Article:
Policies are not all equal. Some have a design that responds adequately to the problem that needs to be solved. Some are effectively implemented. Some have the expected impact. Others not.
The tools of Economics allow us to contribute to the quality of policies and programs in three stages: design, implementation and evaluation. Our knowledge applies to the analysis of firms’ social investment programs as well.
Firms often enter into arrangements to soften market competition, many of then questionable under the law. How to know if a firm is in fault and must adjust its course? How to respond to an accusation from a competition authority? How to ensure that a merger between two firms is not undesirable for welfare? And, when we know that a price must be regulated, how to ensure regulation disciplines the market without imposing unnecessary costs.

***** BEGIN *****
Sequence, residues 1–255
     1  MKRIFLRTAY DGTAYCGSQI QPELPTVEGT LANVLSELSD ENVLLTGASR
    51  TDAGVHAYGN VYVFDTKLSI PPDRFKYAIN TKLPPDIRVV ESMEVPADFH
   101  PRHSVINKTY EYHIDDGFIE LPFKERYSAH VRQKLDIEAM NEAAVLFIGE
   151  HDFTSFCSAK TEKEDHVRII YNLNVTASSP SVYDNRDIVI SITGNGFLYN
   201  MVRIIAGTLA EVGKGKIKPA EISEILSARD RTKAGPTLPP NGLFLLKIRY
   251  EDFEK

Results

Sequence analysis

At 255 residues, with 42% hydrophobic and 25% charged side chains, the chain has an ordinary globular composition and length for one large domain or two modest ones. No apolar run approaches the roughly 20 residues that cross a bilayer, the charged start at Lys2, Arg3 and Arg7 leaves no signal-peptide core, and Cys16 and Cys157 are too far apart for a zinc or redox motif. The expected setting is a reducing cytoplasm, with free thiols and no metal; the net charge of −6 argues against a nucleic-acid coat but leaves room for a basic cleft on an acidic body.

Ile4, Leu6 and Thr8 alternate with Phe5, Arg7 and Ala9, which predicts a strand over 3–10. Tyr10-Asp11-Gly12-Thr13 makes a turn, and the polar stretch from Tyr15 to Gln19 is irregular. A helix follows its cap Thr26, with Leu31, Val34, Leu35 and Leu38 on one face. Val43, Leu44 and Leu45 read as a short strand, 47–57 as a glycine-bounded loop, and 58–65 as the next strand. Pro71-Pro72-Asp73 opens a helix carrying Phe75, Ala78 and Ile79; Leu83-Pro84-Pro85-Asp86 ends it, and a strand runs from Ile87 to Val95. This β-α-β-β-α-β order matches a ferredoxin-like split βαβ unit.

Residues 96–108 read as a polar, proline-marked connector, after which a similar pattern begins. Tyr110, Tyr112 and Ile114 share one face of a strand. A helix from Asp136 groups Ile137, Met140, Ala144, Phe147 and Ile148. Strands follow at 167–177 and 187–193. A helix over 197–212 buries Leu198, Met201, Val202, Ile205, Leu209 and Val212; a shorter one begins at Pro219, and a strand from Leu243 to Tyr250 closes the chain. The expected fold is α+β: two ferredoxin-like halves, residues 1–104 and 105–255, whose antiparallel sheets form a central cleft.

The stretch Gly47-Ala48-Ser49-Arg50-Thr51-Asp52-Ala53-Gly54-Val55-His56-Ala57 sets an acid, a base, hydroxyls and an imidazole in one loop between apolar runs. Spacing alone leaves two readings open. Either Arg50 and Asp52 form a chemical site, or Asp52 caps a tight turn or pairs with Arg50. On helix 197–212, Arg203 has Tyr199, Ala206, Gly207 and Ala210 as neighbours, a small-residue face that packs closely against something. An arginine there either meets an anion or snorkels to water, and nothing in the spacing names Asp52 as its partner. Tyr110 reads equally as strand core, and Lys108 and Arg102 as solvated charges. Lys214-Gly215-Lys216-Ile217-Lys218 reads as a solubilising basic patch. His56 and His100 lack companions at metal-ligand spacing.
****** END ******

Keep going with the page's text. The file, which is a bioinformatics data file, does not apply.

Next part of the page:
We have experience in the application of quantitative and qualitative analytical methods to answer these types of questions frequent to both private agents and government authorities.
A multitude of questions are more solidly answered when they are addressed with empirical evidence.